What about a dinner suggestion?
I opened up my email the other day and found a note, thanking me because this young mother had found my blog and used the advice I had given my friend to make quiche for brunch for her in-laws, and it was apparently a success for her as well. Now, however, she wanted to know if I had any good suggestions for a dinner entree to serve to company which could easily accommodate food allergy restrictions.
Within in two seconds, I had the perfect suggestion: Tetrazzini.
If you’re not familiar with tetrazzini, it’s a pasta dish which incorporates protein and vegetables into the pasta with a creamy white sauce. With the exception of mushrooms which every recipe you’ll find seems to have, everything else is pretty much up to your imagination and available food staples.
For a company dish, it’s perfect because you can assemble the dish ahead of time and then just pop it into the oven. It’s filling so you can simply add a salad to accompany it, and it’s pretty when it comes out of the oven. For folks with allergies, it’s highly adaptable.
Some thoughts on Tetrazzini:
1. The pasta: Almost every recipe you’ll find online has too large a pasta to protein/vegetable ratio. For your health and for good eating, I recommend cutting the pasta by half for any recipe. When I make the dish for company in a large 9 x 13 pan I cut the 16 oz of pasta to 8 ounces. Your ratio of protein and vegetables to pasta will be healthier but it’s also tastier in my opinion.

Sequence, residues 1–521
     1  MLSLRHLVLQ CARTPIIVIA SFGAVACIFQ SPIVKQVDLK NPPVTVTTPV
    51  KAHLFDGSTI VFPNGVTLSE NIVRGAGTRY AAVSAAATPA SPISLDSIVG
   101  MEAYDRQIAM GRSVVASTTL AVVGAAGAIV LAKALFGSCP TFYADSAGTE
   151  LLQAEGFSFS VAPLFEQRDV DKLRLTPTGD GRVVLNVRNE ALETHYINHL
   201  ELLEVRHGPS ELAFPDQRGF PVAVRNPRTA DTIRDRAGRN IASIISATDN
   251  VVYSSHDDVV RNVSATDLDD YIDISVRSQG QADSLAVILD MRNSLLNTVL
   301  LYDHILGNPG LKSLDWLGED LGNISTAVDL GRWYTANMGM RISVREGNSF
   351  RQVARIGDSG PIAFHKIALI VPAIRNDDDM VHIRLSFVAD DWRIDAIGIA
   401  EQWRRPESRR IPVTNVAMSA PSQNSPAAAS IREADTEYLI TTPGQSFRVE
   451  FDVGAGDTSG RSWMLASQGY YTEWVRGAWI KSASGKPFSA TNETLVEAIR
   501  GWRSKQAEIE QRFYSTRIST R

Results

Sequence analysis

Also the usual pasta used is a long noodle like spaghetti. I like to use small shells because they capture the sauce in their crevices well and are easily spoonable and mix well with any meats and vegetables you add. Ancient Harvest has a gluten free quinoa small shells which taste really good and have a wonderful texture.
2. The meats and vegetables: You can use just about anything in tetrazzini. The most popular meats are turkey and chicken. For company, if there are no seafood allergies, I like to use cooked frozen shrimp. It’s easy and it makes the dish special. The nice thing about tetrazzini is that it’s a great dish for using up your leftovers, so feel free to be creative with whatever you have on hand. You can even use firm tofu. You should cut the tofu into small squares and saute them on all sides first, though, before adding them to the dish.
The same goes for the vegetables. As I mentioned above, a key ingredient in most tetrazzini recipes is mushrooms, but you can leave them out if you don’t like fungi. I happen to adore mushrooms, so I usually use mushrooms and asparagus or broccoli because I like the flavor and color combination. Again, whatever leftover vegetables will work. I’ve often just chopped up leftover zucchini, squash, peppers, etc… and thrown them in with good results. The key is to make sure your vegetables are bite-size.